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Ben + Vesper

by David Greenberger on January 19, 2011 · 1 comment


This second full-length release (there have also been some EPs) by Ben + Vesper is my entry point. I’ve heard nothing prior, but now most likely will, once I’m over being intrigued by the catchy and mysterious bearing of Honors. The lyrics are rich with observations, metaphors and introspection, often in slivered and resonant phrases. The whole may make itself apparent later, but at first blush it’s like the facets of a diamond, each one sparkling and reflecting. The titles themselves are compelling, though they seem to function as labels without being drawn from what is sung. And then there’s the matter of the band’s name: They are a married couple, each one being on either side of the plus sign. Ben is actually Joshua Stamper; Vesper’s real name does not make itself apparent.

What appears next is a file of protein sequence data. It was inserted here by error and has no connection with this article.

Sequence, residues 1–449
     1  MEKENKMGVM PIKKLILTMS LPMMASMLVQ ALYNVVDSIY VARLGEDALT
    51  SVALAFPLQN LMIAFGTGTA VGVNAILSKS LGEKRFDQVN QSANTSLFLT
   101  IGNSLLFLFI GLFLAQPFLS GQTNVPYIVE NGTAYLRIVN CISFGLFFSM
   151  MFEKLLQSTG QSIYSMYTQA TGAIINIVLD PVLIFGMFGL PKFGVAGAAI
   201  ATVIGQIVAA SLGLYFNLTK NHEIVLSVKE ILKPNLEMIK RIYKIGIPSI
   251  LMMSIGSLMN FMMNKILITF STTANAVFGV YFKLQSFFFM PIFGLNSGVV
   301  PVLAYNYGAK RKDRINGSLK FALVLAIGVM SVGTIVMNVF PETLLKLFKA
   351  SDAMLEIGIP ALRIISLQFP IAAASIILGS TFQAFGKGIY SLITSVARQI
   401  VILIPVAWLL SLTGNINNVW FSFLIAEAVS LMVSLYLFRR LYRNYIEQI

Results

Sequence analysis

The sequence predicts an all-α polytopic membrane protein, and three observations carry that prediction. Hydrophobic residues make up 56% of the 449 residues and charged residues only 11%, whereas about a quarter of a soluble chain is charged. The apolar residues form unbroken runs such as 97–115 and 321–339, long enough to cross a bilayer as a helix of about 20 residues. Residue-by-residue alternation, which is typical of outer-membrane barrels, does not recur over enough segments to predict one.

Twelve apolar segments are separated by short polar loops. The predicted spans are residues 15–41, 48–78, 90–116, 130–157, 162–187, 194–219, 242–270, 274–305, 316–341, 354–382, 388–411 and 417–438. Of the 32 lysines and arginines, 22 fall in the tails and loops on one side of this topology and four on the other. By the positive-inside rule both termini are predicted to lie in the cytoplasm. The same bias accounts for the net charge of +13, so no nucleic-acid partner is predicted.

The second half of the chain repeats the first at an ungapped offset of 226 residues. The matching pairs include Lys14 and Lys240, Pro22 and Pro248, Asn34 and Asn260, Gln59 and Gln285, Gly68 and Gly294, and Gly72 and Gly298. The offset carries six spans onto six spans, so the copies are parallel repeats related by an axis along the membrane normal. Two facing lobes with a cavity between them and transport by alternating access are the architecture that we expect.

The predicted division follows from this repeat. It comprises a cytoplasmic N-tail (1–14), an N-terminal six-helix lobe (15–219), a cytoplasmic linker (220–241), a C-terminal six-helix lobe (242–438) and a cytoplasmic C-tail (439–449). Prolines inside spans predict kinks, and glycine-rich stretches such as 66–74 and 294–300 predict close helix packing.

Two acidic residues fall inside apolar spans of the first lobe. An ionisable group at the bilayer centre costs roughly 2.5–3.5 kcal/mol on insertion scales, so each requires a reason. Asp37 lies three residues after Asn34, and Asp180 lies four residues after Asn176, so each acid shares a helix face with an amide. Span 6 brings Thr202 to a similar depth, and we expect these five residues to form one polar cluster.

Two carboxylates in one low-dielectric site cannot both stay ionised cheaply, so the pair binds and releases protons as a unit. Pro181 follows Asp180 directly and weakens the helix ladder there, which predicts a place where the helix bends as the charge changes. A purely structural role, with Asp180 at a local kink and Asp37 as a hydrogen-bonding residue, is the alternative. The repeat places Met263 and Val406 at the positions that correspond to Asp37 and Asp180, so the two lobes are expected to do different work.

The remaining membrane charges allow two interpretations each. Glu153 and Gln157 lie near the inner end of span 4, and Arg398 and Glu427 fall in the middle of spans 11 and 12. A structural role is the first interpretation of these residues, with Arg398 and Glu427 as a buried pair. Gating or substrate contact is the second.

With those facts out of the way, the sonics are what are at the heart of this disc. Stamper’s guitar and Vesper’s keyboards are half of the core quartet, along with bassist John Mosloskie and drummer Steve Oyola, appended on some tracks by Sufjan Stevens on piano. Just as Ben + Vesper’s reference points empower the songwriting, mine allow for comparisons unique to my past listening experiences. The opening track, “Adult Vaga,” got my attention because the couple’s harmony vocals brought to mind a favored Boston band from the 1980s, Christmas. There are also connections to the character of works by Stevens and Rilo Kiley (or, more specifically, the conversational phraseology of Jenny Lewis’ lyrics).

For the most part an electric ensemble, they judiciously utilize acoustic instruments as well, such as on the curiously titled “Understruggle: Yay, Win.” The album’s closing title track is a tour de force of anthemic bearing wedded to campfire sing-along.